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Land Confiscation Overview in Arakan by AASYC

Land Confiscation Overview in Arakan by AASYC

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Overview of Land Confiscation in Arakan State
June 2010
 1.
 
Introduction
The following analysis has been compiled to bring attention to a wider audience of many of the problems facing the people of Burma, especially in Arakan State. The analysis focusesparticularly on the increase in land confiscation resulting from intensifying militarydeployment in order to magnify security around a number of governmental developmentssuch as the Shwe Gas, Kaladan, and Hydropower projects in western Burma of Arakan State.Article 17 the Universal Declaration of Human Rights (UDHR) states that:
 
Everyone has the right to own property along as well as in association with others.
 
No one shall be arbitrarily deprived of his property.However, article 18 of the 1974 Constitution of Burma stated against international norms that:
 
The State is the ultimate owner of all natural resources above and below the ground,above and beneath the waters and in the atmosphere, and also of all the lands.This law was reaffirmed in January 2004 as one of the State Fundamental Principles.
2.
 
Brief Background of Arakan State
Arakan State, with four dynastic eras (from BC 3325 to AD 1784); Dhanyawaddy, Vesali,Laymro and Mrauk-U, operated as an independent sovereign state for over 5,000 years. Itssovereignty was lost when the Burmans invaded in 1784 establishing Arakan State as a stateof Burma.Separated from Burma’s other ethnic nationalities by the Arakan Roma mountain range, theArakanese people have customs and a language of their own. With approximately three and ahalf million inhabitants, Arakan State accounts for approximately 6 % of the total populationof Burma. Situated on the Bay of Bengal, the Arakan state enjoys an abundance in naturalresources such as forests, a coastline therefore direct access to the sea and long stretches of beaches, and the fertile land within the Kaladan and Laymro River valleys. Many Arakaninhabitants conduct their economic activity through rice farming and fishing; the cornerstonesof their identity and daily survival. The state is divided into 4 districts and 17 townships, 3sub-townships, 20 towns, 132 quarters, 1,040 village-tracts and 3,861 villages. The capitalcity, Site-tway, also known as Akyab, has a population of approximately 400,000 and islocated on an estuarial island at the confluence of the Kaladan, Laymro, and Mayu rivers.However, due to its abundance of natural resources and biodiversity, Arakan State has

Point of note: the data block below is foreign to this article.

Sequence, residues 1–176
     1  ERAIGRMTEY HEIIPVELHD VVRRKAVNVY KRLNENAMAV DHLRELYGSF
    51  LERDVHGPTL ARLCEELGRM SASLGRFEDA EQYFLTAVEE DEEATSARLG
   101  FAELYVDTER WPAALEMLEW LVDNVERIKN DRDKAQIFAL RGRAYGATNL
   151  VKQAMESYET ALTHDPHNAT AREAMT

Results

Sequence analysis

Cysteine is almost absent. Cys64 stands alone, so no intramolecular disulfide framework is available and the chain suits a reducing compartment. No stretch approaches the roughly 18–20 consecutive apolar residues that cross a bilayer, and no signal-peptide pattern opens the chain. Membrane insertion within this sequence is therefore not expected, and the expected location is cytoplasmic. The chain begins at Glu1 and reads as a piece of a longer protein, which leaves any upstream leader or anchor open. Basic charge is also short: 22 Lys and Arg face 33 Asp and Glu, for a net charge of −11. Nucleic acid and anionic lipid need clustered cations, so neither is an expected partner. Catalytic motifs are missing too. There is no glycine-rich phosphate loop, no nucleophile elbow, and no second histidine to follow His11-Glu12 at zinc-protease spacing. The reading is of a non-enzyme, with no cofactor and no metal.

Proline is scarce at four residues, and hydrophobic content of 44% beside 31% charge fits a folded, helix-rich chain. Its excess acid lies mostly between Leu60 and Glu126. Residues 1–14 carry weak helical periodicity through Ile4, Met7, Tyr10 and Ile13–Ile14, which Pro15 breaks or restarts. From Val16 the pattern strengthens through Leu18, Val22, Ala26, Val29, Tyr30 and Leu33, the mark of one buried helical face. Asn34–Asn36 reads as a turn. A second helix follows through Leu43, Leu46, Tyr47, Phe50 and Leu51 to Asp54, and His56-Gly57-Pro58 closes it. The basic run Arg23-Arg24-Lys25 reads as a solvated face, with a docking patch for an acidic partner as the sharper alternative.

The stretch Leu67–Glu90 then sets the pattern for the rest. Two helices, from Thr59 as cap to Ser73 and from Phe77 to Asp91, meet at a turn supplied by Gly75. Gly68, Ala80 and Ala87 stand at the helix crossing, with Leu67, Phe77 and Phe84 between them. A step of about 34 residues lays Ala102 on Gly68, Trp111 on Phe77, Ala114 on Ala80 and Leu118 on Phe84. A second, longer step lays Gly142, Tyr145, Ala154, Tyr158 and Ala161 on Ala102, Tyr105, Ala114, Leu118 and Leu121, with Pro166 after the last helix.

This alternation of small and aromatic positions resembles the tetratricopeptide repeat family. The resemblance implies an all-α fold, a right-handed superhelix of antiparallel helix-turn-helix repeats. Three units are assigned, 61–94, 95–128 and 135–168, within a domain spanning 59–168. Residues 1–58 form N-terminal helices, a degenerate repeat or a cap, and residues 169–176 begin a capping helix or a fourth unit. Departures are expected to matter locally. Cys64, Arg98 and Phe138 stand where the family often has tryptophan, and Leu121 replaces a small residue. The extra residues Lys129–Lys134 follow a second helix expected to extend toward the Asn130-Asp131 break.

suffered a high level of land confiscation by the SPDC who wish to use the land fordevelopment, often in conjunction with other countries rather than the local people.Furthermore, the SPDC has increased militarisation within these areas to ensure theunopposed exploitation of natural resources.
3.
 
Military Infrastructure Developments
Also known as the “Tatmadaw”, the SPDC Army numbers stand at around 490,000; whichhas more than doubled in size since 1989,
1